Napolitano, Giorgio
July 1978
Foreign Affairs;Jul1978, Vol. 56 Issue 4, p790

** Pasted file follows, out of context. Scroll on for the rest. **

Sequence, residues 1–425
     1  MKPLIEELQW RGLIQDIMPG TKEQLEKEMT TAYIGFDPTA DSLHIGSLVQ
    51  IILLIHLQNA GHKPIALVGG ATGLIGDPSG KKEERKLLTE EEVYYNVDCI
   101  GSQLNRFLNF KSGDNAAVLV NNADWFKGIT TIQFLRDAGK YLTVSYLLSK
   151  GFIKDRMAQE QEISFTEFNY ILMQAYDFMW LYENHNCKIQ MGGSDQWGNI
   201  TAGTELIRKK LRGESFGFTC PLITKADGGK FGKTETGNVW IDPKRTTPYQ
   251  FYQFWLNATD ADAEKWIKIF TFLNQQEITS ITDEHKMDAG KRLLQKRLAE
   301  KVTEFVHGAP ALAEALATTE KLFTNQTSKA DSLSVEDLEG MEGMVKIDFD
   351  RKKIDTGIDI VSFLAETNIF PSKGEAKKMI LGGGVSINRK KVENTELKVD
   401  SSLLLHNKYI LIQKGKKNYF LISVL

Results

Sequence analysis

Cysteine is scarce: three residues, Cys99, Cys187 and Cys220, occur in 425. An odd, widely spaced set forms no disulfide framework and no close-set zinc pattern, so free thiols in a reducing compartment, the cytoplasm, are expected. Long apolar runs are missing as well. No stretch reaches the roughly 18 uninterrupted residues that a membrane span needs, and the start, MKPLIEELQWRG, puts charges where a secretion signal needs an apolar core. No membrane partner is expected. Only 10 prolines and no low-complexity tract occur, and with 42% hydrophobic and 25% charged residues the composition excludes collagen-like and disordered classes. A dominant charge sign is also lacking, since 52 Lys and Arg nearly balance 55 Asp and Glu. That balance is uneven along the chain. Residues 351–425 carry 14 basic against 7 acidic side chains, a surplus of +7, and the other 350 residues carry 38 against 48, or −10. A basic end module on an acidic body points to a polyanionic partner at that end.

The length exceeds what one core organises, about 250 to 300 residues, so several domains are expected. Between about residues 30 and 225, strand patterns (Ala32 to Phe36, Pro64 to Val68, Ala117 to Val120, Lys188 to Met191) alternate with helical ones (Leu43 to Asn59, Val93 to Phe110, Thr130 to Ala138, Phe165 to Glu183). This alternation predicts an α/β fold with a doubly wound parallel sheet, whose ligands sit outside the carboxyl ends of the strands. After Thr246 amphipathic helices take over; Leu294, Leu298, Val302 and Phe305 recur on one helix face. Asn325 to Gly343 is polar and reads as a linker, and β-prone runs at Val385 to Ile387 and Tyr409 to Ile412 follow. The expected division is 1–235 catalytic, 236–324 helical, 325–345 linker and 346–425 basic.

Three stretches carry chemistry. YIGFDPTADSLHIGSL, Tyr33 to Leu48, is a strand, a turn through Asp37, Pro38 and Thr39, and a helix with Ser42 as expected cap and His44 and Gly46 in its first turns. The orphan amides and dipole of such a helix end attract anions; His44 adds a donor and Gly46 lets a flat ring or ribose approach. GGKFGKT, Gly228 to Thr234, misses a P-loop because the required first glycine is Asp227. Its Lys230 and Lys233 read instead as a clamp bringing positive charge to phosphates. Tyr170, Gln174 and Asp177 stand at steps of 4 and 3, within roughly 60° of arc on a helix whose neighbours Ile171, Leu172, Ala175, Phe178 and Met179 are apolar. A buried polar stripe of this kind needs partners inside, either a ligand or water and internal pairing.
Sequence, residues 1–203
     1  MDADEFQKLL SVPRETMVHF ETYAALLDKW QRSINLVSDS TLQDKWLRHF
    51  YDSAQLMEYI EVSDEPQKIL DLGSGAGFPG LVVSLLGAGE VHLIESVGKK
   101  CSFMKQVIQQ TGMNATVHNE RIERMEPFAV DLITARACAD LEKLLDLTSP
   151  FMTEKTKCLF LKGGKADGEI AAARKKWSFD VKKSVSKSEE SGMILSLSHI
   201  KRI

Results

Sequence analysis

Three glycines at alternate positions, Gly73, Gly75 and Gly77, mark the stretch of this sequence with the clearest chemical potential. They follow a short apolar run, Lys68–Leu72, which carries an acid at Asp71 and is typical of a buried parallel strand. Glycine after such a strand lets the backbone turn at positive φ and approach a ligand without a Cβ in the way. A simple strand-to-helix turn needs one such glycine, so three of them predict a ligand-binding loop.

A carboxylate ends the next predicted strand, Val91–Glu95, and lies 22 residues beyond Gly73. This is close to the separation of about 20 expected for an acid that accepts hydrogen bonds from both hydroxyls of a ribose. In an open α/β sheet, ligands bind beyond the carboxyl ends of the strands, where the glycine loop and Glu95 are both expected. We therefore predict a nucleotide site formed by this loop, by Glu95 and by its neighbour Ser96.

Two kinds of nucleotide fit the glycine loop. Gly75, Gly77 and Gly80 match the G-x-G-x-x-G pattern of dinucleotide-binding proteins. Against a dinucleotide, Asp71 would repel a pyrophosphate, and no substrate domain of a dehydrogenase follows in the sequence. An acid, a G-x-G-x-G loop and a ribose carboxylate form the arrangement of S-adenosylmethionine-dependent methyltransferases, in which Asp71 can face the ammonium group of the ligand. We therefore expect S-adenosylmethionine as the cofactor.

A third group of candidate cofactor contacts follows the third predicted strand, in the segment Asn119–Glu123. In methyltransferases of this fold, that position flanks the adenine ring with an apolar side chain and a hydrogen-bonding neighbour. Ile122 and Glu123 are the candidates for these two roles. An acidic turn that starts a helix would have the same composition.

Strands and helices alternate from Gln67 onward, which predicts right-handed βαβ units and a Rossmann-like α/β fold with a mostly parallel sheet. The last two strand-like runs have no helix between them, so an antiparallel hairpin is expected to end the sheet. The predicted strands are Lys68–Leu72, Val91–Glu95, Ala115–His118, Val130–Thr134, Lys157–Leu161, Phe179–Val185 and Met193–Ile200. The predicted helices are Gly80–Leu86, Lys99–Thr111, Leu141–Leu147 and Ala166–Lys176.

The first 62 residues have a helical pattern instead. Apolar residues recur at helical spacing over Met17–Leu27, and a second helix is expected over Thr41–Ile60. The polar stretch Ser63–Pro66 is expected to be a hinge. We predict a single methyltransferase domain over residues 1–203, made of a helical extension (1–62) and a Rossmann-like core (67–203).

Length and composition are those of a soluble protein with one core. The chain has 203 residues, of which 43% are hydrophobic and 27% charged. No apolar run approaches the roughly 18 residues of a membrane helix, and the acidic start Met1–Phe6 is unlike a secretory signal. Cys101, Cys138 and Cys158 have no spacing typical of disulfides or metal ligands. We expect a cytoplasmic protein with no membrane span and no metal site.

The article presents a communist perspective on the Italian crisis. Not only is it a crisis of economic and social structures, it is also a crisis of the state--its apparatus, its functioning. The problems of enforcement of laws in the economic sphere, of economic planning and public spending, have become serious. And so has the crisis in the educational system. At the same time, there has been an increase in public spending. Thus, the efforts of the Italian Communist Party to establish a policy. The first point is the refusal to accept inflationary solutions, or a short-lived, overstimulated expansion. Second is the rejection of protectionist temptations. The Italian economy depends on the import of raw materials and of sources of energy: it cannot do without this volume of imports and counts on a considerable volume of exports for its development. The work of eliminating waste is urgent in the area of public spending. Here an appreciable effort has already begun: there has been an attempt to determine the real size of the public sector deficit and to bring under control the rise in public spending and in social security services by reforms of local finance and health services, by making local utilities pay for themselves and by revising pension schemes. The need to fight inflation and to devote a share of resources to investment also implies that the cost of labor must be contained. But the policy of austerity must be based on the criteria social justice. The reorganization of tax-collecting system must be speeded up. And even among both blue-collar and white-collar salaried employees, injustices and absurd inequalities must be ironed out. Finally, the widespread practice of black labor and the practice of having two jobs must be brought under control.


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